Yes—you broke up because it wasn’t working. Every relationship has unique details about unhappiness. You may still harbor some doubts, but, for now at least, breaking up feels the right thing to do.

It wasn’t easy—regardless if the relationship was very bad or just not a good match with a person who was good!

You may already know that your next steps after you close that door on this relationship are to:

  • Learn about you and this relationship
  • Move on with your life and be open to love again.

But—oops! You still might be left with the question: How do I deal with the person I just broke up with?

Here are some tested answers to your top questions about handling the man you left. These tips come from the women who participated in my research study for my book “Smart Relationships.”

Best Answers to your Top 3 Questions about Dealing with the One You Left

1. What do you say to him if you don’t know for sure why you broke up?

Often, relationships don’t seem to end for concrete or clear reasons. For example, you have no grounds to say things such as: He beat me. He cheated on me. He stole my money. He abused my kids.

Even if you were unhappy with your man, you feel on shaky ground saying to yourself or others: “It just didn’t work out.” Or, “He wasn’t the right person for me.”

If you don’t know why you broke up, you might have difficulties explaining to your man why you have to leave. He might call or text and ask you repeatedly: Why?

So what do you do? Here are some things you can say.

  • I’m just not clear on what I want in life and love right now.
  • I’m going through some rough times, and it’s not fair for me to be with anyone until I take care of these things first.
  • My work is so demanding and stressful that I know I can’t give any relationship the time and effort and respect that I would like.
  • It’s not you—it’s me. I have to sort out some things.
  • Our timing is off. I want this—and you want that.

2. How much should I be in his life after we’ve already broken up?

Sometimes, you and your ex can actually be friends. But be careful. Remember—you chose to break up with him! He may never totally reveal his hurt. I wish I could give you a magic answer that isn’t too little or too much. Here are some thoughts and guidelines—not rules! Every relationship is different.

  • Keep your break up message clear. If he was abusive, I especially recommend keeping your distance and not engaging with him, if possible. Abusers tend to over-respond to gestures of kindness and contact. They can interpret them as hope—and then get frustrated when you let him know that there isn’t any.
  • Don’t rush to rescue him. I know—it’s tempting to over-help those exes who are troubled or who just need a helping hand. If you really want to help him, let him experience life. You can’t fix or rescue him. Pay attention to your guilt and its tendency to reel you back in to his life. For example, don’t’ send frequent texts to ask him how he is doing.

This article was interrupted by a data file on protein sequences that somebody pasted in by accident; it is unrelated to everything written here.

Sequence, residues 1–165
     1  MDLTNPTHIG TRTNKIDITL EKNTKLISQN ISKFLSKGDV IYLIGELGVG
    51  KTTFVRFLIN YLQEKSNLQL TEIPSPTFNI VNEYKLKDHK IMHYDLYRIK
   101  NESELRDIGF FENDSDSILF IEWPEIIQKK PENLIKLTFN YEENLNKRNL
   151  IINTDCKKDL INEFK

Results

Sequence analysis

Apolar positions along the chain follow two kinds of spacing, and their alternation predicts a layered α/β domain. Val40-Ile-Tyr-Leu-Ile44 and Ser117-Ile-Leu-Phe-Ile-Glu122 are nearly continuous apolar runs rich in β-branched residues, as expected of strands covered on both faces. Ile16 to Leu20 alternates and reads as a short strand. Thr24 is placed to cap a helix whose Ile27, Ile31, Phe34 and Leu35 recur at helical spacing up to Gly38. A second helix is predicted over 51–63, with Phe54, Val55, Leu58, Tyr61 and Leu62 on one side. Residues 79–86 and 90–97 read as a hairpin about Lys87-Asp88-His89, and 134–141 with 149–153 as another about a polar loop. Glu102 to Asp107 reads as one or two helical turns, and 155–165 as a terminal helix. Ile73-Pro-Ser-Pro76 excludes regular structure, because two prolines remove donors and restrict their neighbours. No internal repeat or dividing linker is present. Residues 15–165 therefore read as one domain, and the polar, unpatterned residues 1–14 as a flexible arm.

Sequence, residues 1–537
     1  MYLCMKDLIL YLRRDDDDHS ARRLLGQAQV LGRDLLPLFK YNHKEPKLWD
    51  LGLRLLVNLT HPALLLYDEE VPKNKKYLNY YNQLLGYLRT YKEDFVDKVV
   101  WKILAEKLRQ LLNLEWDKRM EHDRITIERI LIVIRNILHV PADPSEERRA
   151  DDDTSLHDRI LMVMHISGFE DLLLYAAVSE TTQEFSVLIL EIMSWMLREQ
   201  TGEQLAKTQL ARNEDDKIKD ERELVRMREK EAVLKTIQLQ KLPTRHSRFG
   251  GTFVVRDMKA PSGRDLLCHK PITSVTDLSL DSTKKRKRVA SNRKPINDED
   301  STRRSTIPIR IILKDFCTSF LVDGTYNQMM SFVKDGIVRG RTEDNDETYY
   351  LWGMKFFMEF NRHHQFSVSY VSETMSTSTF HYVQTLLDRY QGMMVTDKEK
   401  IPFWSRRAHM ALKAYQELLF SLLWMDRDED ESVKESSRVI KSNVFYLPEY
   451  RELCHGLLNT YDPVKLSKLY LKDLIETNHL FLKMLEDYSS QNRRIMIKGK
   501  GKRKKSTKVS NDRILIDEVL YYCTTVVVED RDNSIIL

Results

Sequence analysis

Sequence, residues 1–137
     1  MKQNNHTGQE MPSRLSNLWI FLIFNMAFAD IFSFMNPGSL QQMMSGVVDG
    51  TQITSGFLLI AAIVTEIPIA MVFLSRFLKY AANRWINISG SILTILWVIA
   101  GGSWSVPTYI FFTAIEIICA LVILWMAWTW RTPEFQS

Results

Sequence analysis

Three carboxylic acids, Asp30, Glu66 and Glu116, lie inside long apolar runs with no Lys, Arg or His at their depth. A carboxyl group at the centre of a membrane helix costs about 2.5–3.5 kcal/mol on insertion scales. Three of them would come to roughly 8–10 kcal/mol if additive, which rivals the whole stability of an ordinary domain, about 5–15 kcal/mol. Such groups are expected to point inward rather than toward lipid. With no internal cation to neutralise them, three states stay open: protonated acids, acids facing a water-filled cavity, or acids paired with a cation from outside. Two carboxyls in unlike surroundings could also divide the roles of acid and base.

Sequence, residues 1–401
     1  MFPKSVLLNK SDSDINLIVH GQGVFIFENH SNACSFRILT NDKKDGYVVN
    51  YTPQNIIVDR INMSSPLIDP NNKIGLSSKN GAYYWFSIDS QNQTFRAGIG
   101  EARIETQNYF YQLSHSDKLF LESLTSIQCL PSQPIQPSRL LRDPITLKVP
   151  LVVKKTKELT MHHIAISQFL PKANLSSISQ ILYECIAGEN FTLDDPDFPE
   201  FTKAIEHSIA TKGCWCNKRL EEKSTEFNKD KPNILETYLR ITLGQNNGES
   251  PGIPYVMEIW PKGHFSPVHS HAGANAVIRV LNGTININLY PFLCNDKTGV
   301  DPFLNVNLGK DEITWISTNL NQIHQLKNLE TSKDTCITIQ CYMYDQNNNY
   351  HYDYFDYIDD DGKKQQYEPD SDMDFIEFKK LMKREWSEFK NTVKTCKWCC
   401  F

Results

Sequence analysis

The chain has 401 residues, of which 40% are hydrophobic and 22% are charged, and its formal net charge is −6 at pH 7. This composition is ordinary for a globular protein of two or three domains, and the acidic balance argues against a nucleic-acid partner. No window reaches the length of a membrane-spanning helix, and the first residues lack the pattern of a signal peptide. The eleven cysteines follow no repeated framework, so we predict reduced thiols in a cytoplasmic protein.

• Don’t put yourself in a compromising position where sex can easily happen. Sex with your ex can be a very selfish act. It sends mixed messages to your ex. Be kind. You wouldn’t want someone to use you to feel close for the moment. So, keep your contact in public places.

3. When should I tell him that I am seriously involved with someone else?

It depends on the nature of your relationship to your ex. If you were smart and kind and did not send him mixed messages, then you have probably already created a respectful emotional distance from him. Here are some tips and thoughts.

  • You don’t owe your ex your life story after your break up. No matter how much you are now friends, it’s likely he harbors hurt and hope in his heart about you. Hold back on telling too much. You don’t need to announce your new relationship status. If you do sense that he is in an emotionally strong place, you can give a general and brief statement. If he asks lots of questions about your new love, then pull back on the information. His digging for details might be a sign that he is more hurt than you think. And don’t forget that the seemingly nicest guys can become violent when they think you have really moved on—without him!
  • Don’t flaunt or use your new relationship as a signal to him that you have truly moved on. If he did not treat you well or if he said things such as “You’ll never find what you’re looking for,” it can be tempting to rush to let him know that indeed you found a great person! Resist that urge. It can re-engage you with your ex—or ignite his resentment. You just never really know what extreme hurt and rejection can do to a person. Men, especially, tend to express their hurt with violence. Think about all those television shows where the hurt and rejected man murders his previous girlfriend or wife.

I wish you bravery and the best you! To learn more about me and my research-based, self-help books for women, “Smart Relationships: How Successful Women Can Find True Love” and “The Love Adventures of Almost Smart Cookie,” please go to my website to sign up for a free gift. You can also follow me on and

Author's Bio: 

Dr. LeslieBeth (LB) Wish, IAAW Premium Expert, is a nationally recognized psychologist and licensed clinical social worker honored for her pioneering work with women’s issues in love, life, work and family. The National Association of Social Workers has named her as One of the Fifty who has contributed to the field, and by Marquis’ Who’s Who publications. Her latest self-help, research-based books are Smart Relationships: How Successful Women Can Find True Love, and The Love Adventures of Almost Smart Cookie, the cartoon companion book where you can follow a year of Cookie’s love missteps and learn about yours! Go to her website